A light-hearted guide to the Liberal leadership hopefuls in The Winnipeg Sun Oct. 1 noted that York alumna Martha Hall Findlay is the only woman vying for the Grit helm. In a sports program-style rundown on the candidates, the Sun noted Hall’s comment that she is “a lot lighter than when we started this campaign” and that she worked a stint as a carpenter before she graduated from York’s Osgoode Hall Law School.
Harper is creating a Canada for the rich
A column in The Daily News (Halifax) Oct. 1, taking issue with the federal Conservatives’ recent budget decisions, mentioned that Statistics Canada released a report saying 15.5 per cent of Canadians live in poverty. “Why does a wealthy nation such as Canada have 15 per cent of its children living in internationally defined poverty, while far less wealthy nations such as Denmark and Finland have fewer than three per cent of its children living under such conditions?” Dennis Raphael, a professor in York’s School of Health Policy & Management in the Faculty of Health, asks in a recent article in the magazine Policy Options. His answer: “The high numbers result from governmental decisions on how to distribute economic resources among Canadians.”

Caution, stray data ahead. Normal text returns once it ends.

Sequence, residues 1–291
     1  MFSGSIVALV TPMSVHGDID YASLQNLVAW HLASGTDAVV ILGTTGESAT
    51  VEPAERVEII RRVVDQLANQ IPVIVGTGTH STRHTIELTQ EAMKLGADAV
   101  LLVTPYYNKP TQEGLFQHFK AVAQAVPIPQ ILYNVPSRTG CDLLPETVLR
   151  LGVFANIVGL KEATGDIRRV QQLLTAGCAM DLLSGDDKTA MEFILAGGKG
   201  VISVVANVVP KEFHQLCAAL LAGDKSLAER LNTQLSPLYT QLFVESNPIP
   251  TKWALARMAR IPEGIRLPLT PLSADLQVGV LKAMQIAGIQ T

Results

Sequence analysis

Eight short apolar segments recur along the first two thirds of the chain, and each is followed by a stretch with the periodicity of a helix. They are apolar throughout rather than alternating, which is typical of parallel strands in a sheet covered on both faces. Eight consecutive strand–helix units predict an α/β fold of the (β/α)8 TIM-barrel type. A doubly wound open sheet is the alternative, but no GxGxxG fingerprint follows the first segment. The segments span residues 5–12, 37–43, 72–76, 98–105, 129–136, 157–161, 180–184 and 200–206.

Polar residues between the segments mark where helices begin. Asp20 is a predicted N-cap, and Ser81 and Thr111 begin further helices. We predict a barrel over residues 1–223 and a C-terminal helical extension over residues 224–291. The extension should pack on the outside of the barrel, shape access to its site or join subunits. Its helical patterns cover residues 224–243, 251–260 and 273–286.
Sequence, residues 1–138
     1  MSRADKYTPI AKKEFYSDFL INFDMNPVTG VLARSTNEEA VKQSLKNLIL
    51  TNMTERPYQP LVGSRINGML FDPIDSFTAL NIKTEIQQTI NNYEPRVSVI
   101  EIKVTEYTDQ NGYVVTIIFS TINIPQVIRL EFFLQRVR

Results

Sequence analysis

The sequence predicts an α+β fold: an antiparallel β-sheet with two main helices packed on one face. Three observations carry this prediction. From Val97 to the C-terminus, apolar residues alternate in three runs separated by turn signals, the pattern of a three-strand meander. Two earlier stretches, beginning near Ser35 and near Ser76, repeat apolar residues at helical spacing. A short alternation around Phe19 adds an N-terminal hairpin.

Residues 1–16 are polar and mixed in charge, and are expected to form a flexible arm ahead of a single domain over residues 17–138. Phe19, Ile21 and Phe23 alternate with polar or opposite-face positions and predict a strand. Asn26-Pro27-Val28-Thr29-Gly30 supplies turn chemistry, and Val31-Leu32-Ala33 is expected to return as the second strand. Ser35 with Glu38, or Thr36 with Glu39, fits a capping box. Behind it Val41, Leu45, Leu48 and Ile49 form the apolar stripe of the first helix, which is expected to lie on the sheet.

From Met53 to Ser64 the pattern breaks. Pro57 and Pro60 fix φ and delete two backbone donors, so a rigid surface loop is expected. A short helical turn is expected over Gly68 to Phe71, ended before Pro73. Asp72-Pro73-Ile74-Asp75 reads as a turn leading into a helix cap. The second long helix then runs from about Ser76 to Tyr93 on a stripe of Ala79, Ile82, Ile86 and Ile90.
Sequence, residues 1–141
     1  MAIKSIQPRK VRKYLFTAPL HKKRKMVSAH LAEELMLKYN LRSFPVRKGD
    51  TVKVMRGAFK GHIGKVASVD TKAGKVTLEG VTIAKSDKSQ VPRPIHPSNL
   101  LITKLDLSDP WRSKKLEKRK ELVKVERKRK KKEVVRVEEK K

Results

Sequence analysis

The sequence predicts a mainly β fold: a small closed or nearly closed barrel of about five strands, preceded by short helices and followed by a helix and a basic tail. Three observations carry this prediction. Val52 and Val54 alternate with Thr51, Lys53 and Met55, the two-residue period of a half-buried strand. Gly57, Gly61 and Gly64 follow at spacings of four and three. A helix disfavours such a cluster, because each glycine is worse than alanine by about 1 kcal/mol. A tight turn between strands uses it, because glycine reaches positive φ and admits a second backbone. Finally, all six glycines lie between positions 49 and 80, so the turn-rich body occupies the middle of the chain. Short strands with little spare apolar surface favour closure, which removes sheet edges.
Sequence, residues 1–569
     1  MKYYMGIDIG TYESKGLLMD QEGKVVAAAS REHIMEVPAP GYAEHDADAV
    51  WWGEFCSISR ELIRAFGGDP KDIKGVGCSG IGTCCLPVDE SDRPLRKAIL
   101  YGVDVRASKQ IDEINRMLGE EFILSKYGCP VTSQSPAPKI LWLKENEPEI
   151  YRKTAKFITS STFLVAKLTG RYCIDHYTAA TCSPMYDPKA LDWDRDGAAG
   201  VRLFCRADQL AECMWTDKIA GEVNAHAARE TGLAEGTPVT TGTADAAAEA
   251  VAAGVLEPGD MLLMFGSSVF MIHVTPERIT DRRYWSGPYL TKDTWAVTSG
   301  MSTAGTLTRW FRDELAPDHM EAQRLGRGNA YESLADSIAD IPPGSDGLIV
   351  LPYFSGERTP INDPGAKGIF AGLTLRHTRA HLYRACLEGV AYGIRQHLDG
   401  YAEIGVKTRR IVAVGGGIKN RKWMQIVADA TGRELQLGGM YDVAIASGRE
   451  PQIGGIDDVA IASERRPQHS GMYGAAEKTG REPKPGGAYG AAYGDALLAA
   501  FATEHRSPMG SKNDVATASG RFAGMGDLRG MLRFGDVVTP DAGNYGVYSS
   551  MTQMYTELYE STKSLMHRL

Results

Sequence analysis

Spitfire pilot and lawyer modest about his bravery
Spitfire pilot David Goldberg was a modest man, wrote the Hamilton Spectator Sept. 30. Personal courage, heroism and leadership were simply doing one’s duty, just what he was sure every other fellow would do. It didn’t matter he’d made a harrowing escape from occupied France or once brought a powerless P51 Mustang fighter into Mount Hope RCAF base in a tricky but perfect dead-stick landing. He didn’t want a fuss. He didn’t talk it up. But lately, Goldberg, 89, who died in Hamilton Sept. 17, would share his experiences with young people. “He wanted them to know these things and he was always gracious in accommodating them,” said his daughter, Mary. With war’s end, Goldberg returned to Hamilton and went to Osgoode Hall Law School. He was called to the bar in June 1949, and began a 50-year career in corporate and commercial law. He spent 20 years at Ross & McBride in Hamilton before he retired in 1999.